[20] ...s. 481(2) of the Local Government Act limits the application of s. 479 by providing that a local government must not exercise the powers under that section to prohibit or restrict the use of land for a farm business in a farming area unless the local government receives the approval of the minister responsible for the administration of the Farm Practices Protection (Right to Farm) Act, R.S.B.C. 1996, c. 131 [FPPA]. Section 481(3) allows that same minister to make regulations that define areas and circumstances in which approval under (2) is not required, and the conditions under which such exceptions will be granted. Such an exception has not been made with respect to the Township's jurisdiction.

[21] The Right to Farm Regulation, B.C. Reg. 261/97 provides that s. 481 of the Local Government Act applies to the Township.

[22] Section 455 of the Local Government Act provides that the terms "farm business", "farm operation" and "farmer" all have the same meaning as those terms in the FPPA. The terms are defined in the FPPA as follows:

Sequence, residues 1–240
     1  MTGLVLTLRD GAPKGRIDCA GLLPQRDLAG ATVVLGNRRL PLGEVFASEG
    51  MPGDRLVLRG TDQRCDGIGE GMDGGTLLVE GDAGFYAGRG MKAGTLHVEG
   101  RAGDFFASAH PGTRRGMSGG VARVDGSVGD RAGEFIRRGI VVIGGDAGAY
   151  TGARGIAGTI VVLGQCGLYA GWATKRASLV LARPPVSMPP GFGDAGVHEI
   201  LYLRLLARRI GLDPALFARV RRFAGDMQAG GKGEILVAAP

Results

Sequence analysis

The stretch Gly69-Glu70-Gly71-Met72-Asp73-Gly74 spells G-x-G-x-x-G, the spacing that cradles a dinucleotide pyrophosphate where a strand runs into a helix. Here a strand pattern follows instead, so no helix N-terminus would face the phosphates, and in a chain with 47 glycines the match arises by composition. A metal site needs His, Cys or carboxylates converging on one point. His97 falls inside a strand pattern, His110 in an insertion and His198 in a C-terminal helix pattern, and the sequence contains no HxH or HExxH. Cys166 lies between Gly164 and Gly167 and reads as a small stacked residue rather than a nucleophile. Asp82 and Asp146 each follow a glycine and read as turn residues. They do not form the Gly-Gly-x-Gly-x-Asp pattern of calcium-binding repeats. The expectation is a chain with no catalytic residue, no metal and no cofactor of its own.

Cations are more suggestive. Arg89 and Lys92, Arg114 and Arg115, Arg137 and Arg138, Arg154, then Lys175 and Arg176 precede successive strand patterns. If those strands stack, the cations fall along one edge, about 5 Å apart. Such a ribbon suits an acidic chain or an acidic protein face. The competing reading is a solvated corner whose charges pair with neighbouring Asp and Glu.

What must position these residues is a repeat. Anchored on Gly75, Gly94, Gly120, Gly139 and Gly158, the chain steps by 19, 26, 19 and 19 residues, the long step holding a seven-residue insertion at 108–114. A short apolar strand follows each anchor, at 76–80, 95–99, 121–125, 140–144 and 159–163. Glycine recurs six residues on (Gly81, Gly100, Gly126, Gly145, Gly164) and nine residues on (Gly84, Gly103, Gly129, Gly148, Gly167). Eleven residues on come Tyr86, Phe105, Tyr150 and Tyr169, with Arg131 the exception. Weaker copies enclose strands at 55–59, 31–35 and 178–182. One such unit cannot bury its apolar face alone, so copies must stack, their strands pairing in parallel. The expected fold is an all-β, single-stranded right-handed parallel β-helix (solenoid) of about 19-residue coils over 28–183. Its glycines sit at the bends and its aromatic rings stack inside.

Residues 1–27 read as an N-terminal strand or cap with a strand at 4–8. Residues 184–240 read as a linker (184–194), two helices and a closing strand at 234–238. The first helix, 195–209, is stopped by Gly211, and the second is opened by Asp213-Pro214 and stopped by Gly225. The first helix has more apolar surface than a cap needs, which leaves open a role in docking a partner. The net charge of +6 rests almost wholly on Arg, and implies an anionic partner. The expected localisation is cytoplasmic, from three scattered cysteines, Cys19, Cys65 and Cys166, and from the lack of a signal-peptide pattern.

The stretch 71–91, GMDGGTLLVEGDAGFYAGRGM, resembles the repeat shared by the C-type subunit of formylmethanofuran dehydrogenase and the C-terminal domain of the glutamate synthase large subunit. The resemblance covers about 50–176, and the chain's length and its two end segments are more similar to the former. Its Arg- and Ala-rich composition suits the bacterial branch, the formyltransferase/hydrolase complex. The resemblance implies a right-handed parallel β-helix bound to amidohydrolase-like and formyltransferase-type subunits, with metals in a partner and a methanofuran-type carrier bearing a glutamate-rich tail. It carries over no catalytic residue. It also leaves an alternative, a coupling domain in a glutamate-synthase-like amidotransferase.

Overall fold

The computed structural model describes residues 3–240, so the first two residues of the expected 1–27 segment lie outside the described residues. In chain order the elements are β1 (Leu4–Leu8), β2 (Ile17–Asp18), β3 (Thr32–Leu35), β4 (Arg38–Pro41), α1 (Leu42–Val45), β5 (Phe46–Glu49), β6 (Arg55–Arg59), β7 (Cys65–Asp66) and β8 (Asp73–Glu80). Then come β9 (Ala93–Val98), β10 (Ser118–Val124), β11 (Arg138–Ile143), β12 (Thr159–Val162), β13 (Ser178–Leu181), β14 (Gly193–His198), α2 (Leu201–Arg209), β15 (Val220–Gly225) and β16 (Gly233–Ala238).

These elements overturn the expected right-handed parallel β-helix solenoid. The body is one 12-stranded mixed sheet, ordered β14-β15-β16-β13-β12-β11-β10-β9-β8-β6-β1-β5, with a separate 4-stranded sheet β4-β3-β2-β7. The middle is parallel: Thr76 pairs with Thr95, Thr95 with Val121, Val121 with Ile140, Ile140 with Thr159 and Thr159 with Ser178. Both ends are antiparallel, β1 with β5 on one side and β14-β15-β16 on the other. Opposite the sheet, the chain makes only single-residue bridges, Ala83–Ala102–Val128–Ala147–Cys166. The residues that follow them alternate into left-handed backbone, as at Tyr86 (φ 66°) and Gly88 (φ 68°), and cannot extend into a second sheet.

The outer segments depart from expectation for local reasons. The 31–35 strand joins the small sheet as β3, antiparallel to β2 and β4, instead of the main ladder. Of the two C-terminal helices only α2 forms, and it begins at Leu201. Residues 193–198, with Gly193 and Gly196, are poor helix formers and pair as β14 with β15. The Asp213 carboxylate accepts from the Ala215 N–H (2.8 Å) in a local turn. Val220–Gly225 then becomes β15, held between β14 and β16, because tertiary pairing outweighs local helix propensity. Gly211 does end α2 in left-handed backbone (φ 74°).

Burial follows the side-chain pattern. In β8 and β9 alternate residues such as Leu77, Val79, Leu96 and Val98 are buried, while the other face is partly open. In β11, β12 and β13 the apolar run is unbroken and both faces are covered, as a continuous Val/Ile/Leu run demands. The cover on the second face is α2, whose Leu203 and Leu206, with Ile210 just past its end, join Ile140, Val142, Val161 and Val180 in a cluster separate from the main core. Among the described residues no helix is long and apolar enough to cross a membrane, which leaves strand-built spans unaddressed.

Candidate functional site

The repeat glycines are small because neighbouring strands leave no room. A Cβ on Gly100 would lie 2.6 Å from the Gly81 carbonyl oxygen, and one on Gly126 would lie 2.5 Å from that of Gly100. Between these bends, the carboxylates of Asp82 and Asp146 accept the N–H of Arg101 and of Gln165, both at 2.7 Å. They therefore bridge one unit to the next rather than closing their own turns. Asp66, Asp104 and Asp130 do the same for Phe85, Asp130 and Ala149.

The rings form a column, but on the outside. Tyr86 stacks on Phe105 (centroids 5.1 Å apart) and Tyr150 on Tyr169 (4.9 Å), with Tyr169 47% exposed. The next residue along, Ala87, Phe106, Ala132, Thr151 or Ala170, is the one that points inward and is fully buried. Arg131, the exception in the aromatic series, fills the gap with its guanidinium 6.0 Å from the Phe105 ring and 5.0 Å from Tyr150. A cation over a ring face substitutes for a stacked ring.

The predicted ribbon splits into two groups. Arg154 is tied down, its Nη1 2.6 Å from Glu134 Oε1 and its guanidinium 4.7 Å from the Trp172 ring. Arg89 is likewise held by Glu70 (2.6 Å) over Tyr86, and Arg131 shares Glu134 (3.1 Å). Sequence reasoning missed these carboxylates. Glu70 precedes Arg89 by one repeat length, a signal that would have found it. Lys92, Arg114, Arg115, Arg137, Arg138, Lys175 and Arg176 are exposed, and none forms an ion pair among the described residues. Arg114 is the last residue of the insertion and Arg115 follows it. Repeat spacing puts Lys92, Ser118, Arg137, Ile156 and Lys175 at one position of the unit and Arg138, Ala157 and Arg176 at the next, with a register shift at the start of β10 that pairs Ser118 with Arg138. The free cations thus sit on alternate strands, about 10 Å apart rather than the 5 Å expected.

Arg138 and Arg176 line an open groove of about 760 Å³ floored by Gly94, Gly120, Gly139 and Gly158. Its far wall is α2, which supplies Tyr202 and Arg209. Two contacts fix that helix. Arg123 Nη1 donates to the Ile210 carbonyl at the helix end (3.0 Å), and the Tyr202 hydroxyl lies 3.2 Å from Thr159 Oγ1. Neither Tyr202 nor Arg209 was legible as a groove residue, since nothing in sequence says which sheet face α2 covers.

"farm business" means a business in which one or more farm operations are conducted, and includes a farm education or farm research institution to the extent that the institution conducts one or more farm operations;

"farm operation" means any of the following activities involved in carrying on a farm business:

(a) growing, producing, raising or keeping animals or plants, including mushrooms, or the primary products of those plants or animals;

...

(c) using farm machinery, equipment, devices, materials and structures;

...

(e) conducting any other agricultural activity on, in or over agricultural and;

"farmer" means the owner or operator of a farm business;

[23] The term "farming area" is defined in s. 455 of the Local Government Act in part as: